Your browser is no longer supported

For the best possible experience using our website we recommend you upgrade to a newer version or another browser.

Your browser appears to have cookies disabled. For the best experience of this website, please enable cookies in your browser

We'll assume we have your consent to use cookies, for example so you won't need to log in each time you visit our site.
Learn more


  • Comment
It says something about the distance still to travel in making local authorities seem relevant to people's lives th...
It says something about the distance still to travel in making local authorities seem relevant to people's lives that a quarter of members and senior officers still do not see communication as a major strategic factor in building a successful council. If talking to people is not a central part of the work of a public body, then what is?

The Local Government Association's survey of local authority communications has a wealth of interesting - in some cases eye-opening - information about how councils go about one of the most fundamental aspects of their work. And for the most part, its findings are encouraging and a tribute to the professionalism of communications staff and senior managers in local government today.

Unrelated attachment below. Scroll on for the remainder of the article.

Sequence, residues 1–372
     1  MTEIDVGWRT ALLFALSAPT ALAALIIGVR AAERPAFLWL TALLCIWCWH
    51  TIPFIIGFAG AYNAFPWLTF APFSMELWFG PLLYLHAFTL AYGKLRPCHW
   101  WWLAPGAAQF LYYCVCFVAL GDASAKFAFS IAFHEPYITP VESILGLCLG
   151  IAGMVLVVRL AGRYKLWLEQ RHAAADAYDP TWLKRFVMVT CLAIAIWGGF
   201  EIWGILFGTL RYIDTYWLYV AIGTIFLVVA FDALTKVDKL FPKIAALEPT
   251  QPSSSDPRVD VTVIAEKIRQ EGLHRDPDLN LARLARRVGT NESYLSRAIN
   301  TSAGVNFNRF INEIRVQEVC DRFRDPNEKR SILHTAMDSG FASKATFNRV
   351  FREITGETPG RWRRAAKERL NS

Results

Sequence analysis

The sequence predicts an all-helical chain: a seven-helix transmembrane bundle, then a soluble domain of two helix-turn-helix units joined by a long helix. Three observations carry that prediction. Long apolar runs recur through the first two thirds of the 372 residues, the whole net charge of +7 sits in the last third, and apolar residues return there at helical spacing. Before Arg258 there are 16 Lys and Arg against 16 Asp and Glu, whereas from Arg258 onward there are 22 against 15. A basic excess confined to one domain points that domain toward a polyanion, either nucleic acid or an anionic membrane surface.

The LGA's chief executive, Brian Briscoe, rightly hails as a step change the rapid growth in public relations activity, the development of improved relationships with local people and the local media, and the willingness of so many authorities to take up the challenge set by the IdeA communications benchmarks.

But the weaknesses which emerge from the report are obvious. Fewer than half of those taking part in the survey regard effective monitoring and analysis of communication initiatives as important, and fewer than a third think it important to learn from campaigns. No authority would build a road or adopt a policy on care home inspection with such a disregard for the evidence, so why must communications staff work in the dark, unaware of what works and what doesn't?

And, while 48 per cent of local authorities have had to implement their crisis media plan at some time, a third still have no plan to implement.

Perhaps the most encouraging findings to emerge from the survey are the commitment on the part of many authorities to adopt best practice in their communications, and their willingness to invest new money in making them work.

The task for those working in authorities where this is not the case is to convince senior officers - and members - that communications is not a bolt-on added extra, but an integral part of the role of a public body.


LGA survey finds local government is putting its money where its mouth is

  • Comment

Have your say

You must sign in to make a comment

Please remember that the submission of any material is governed by our Terms and Conditions and by submitting material you confirm your agreement to these Terms and Conditions.

Links may be included in your comments but HTML is not permitted.